GAZA CITY, Gaza Strip — At post offices across the Gaza Strip Aug. 17, Gaza's government workers started collecting their salaries, funded by Qatar's grant to Gaza pledged in July. However, about 3,000 employees were surprised to receive nothing.
Ashraf Jadallah, who works in the Ministry of Youth and Sports in Gaza City, arrived at the post office on Aug. 17 to find his name missing from the list of beneficiaries.
“I get paid 1,300 shekels a month, about $330. However, I haven’t been paid fully for many months now. I had hoped to get paid in full to pay our house's rent and support my family of six children who are on the threshold of a new school year,” Jadallah, who lives north of Gaza City, told Al-Monitor.
Mohammed Abdul Hadi was counting on the money to pay off his debts that have been accumulating for more than two years, but was also shocked to learn that his name did not figure on the list of beneficiaries.
Abdul Hadi, who works in the Ministry of Social Affairs in Gaza and lives in the Nuseirat neighborhood of central Gaza, told Al-Monitor, “I was shocked when I logged into the government website to look for my name on the list of beneficiaries and I did not find it. Creditors have been contacting me since they heard the news about the dispersal of salaries. I was counting on the payment to pay off my debts.”
Youssef al-Kayali, undersecretary of Gaza's Finance Ministry, told Al-Monitor that 2,934 workers were excluded for security reasons.
He noted that the Qatari grant, amounting to $31 million, was distributed among 20,700 civil government workers, in accordance with the same United Nations mechanism as when Qatar offered a previous grant for the Gaza staff back in June 2014.
“Per the UN policy, the funds are sent from Qatar to the West Bank through the Israeli crossings and then to Gaza via the Erez/Beit Hanoun crossing to be dispersed at the post offices. The UN informed us that Qatar had reservations about paying a number of employees for security reasons, without providing further explanations or disclosing the name of the party who rejected the specific names,” Kayali said.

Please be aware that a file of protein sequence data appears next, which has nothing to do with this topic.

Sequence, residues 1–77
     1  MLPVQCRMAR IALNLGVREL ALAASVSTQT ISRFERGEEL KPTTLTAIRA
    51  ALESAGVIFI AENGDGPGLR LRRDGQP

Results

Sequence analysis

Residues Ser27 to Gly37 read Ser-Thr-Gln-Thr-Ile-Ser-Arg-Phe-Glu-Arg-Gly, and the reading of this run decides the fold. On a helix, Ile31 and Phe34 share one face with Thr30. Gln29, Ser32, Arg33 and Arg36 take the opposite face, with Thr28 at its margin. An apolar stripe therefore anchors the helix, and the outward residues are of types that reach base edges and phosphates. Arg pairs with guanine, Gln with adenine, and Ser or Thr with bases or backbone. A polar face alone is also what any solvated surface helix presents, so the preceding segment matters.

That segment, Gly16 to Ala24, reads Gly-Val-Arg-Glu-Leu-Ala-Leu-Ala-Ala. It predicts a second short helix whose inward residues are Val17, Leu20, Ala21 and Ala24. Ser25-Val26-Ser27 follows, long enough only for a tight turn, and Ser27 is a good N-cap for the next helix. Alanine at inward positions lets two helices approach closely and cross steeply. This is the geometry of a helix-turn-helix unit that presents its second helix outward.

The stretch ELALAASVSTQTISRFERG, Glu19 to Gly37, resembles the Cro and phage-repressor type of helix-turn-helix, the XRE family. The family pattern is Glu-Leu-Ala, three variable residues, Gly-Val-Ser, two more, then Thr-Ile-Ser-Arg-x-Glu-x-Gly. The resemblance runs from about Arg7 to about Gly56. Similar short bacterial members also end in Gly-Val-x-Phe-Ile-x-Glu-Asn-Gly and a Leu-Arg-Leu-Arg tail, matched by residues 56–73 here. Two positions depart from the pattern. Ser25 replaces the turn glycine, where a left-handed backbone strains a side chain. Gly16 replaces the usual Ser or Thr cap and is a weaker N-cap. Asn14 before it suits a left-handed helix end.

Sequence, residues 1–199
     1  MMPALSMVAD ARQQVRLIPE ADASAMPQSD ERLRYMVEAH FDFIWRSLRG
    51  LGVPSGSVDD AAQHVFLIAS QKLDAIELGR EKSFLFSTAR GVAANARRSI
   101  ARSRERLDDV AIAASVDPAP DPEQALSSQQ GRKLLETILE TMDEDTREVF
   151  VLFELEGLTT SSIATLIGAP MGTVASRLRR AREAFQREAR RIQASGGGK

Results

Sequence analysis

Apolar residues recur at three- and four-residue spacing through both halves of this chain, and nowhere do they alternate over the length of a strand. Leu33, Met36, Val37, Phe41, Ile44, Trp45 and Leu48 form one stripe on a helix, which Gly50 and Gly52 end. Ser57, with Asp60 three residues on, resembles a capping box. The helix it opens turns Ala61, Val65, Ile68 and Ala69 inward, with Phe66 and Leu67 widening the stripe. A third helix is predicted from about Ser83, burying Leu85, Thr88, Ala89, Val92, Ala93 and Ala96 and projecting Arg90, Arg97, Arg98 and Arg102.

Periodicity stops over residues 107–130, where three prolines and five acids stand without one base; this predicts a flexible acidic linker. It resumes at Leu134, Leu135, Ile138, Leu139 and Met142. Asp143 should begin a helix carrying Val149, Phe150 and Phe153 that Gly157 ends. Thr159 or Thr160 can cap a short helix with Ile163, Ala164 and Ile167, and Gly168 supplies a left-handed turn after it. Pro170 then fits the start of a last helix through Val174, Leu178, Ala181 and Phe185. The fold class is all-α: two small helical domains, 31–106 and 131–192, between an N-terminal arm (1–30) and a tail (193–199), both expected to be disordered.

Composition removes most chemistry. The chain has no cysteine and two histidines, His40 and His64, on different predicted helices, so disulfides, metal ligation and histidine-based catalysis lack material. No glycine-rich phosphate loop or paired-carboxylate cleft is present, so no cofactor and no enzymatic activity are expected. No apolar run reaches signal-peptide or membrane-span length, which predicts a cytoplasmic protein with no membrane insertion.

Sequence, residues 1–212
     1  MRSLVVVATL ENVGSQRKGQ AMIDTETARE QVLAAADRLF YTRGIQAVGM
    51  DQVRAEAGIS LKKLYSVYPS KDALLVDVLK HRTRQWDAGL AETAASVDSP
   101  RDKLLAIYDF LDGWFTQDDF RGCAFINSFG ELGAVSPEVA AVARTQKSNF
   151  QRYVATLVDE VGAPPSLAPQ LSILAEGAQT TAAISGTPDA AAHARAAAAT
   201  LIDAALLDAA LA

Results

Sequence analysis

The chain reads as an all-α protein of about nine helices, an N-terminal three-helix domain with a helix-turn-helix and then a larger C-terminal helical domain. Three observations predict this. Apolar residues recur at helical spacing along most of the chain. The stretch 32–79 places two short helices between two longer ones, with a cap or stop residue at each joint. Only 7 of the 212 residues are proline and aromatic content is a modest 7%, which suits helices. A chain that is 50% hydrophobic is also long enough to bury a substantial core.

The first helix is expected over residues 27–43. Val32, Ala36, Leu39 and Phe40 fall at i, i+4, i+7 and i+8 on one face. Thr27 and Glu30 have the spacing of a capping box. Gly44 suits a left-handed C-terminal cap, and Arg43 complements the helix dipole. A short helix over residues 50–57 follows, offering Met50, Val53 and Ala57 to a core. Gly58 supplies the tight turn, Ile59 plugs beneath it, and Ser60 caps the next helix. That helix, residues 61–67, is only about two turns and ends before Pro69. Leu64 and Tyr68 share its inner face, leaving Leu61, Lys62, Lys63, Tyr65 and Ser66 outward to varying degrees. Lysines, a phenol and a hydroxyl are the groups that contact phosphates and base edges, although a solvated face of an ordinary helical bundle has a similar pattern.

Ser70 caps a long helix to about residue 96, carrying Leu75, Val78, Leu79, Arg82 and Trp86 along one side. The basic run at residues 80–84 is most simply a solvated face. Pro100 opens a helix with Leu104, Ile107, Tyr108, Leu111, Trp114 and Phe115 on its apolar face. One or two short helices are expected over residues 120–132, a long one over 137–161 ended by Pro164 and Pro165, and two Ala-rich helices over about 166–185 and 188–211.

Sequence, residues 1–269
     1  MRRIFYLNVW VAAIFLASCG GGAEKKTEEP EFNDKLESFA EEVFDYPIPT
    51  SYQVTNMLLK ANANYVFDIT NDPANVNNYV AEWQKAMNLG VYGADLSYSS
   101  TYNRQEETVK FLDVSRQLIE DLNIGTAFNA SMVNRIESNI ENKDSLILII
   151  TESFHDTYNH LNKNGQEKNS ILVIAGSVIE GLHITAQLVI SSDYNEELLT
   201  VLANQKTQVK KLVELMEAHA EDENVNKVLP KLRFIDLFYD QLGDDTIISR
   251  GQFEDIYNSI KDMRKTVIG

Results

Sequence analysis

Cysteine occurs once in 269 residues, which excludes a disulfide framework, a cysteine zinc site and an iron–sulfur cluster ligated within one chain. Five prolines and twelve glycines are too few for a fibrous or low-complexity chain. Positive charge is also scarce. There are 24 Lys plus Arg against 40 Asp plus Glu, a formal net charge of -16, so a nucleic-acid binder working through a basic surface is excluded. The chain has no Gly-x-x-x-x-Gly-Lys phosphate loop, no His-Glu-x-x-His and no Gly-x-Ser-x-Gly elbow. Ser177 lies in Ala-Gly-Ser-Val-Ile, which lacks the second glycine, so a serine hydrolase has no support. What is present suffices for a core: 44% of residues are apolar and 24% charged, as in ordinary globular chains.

He added, “However, we know that the names of the beneficiaries were sent to both Israel and the Palestinian Authority [PA]. Therefore, we are accusing both of denying many Gazan government employees their payment. While the PA did not see or receive the funds itself, it did receive the list of names of government employees, and PA security services checked those names."
On Aug. 18, Adnan al-Damiri, spokesman for the security services in the West Bank, denied accusations that the PA tampered with the list of Gazan staff names. He wrote on Facebook, “The Qatari grant funds were made in US dollars and Israeli shekels, put in suitcases and transported by car through the Erez crossing after the check was cashed in Israeli banks,” adding, “The PA and the Finance Ministry in Ramallah did not examine the check or count the money. They did not even receive any statements to this effect. Why would Hamas want to pit those who were deprived of their share against Fatah and the PA? The Hamas leadership is lying.”
Kayali stressed that 50% of those denied payment are civil servants in the health and education ministries, and most of them hold low-ranking positions and are not involved in any political activities.
When the Qatari grant was first announced, all military staff members affiliated with the previous Hamas government in Gaza, numbering 18,600, were explicitly excluded. With this group, the total number of civil servants deprived of payment totals about 21,600 employees.
Kayali also noted that Qatar stated it deprived some civil servants of payment in compliance with the UN policy of 2014, which laid out how the funds to Jordan would be transported to Gaza and distributed.
“Qatar said it is committed to the UN mechanism on dispatching funds to the Gaza Strip, according to which funds ought not to reach Hamas directly, while military staff also ought not to be paid, upon the request of the PA. The same policy is being employed this time,” Kayali said.
While civil servants might have a chance of receiving payment from grants by donors such as Qatar, the internal dispute in the Palestinian territories over the distribution of such funds is hurting their chances.